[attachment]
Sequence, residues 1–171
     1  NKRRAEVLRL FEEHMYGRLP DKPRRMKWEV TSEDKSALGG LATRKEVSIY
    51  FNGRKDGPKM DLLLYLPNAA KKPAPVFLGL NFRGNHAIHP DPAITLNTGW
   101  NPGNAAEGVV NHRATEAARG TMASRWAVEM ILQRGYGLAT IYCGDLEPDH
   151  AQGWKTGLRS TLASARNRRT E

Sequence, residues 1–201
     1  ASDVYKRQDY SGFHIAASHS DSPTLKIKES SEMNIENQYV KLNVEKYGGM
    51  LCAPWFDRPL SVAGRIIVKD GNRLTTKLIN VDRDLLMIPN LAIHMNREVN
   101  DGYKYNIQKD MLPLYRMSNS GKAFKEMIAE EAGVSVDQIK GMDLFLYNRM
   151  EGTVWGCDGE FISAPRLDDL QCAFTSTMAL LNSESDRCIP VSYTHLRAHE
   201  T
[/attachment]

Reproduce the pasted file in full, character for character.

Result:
Sequence, residues 1–171
     1  NKRRAEVLRL FEEHMYGRLP DKPRRMKWEV TSEDKSALGG LATRKEVSIY
    51  FNGRKDGPKM DLLLYLPNAA KKPAPVFLGL NFRGNHAIHP DPAITLNTGW
   101  NPGNAAEGVV NHRATEAARG TMASRWAVEM ILQRGYGLAT IYCGDLEPDH
   151  AQGWKTGLRS TLASARNRRT E

Sequence, residues 1–201
     1  ASDVYKRQDY SGFHIAASHS DSPTLKIKES SEMNIENQYV KLNVEKYGGM
    51  LCAPWFDRPL SVAGRIIVKD GNRLTTKLIN VDRDLLMIPN LAIHMNREVN
   101  DGYKYNIQKD MLPLYRMSNS GKAFKEMIAE EAGVSVDQIK GMDLFLYNRM
   151  EGTVWGCDGE FISAPRLDDL QCAFTSTMAL LNSESDRCIP VSYTHLRAHE
   201  T